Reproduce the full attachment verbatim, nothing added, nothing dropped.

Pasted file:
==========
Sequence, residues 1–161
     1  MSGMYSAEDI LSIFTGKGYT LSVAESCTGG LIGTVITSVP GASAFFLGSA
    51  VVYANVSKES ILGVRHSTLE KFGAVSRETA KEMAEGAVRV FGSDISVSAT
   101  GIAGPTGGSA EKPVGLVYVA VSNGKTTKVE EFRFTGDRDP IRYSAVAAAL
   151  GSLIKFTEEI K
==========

Sequence, residues 1–161
     1  MSGMYSAEDI LSIFTGKGYT LSVAESCTGG LIGTVITSVP GASAFFLGSA
    51  VVYANVSKES ILGVRHSTLE KFGAVSRETA KEMAEGAVRV FGSDISVSAT
   101  GIAGPTGGSA EKPVGLVYVA VSNGKTTKVE EFRFTGDRDP IRYSAVAAAL
   151  GSLIKFTEEI K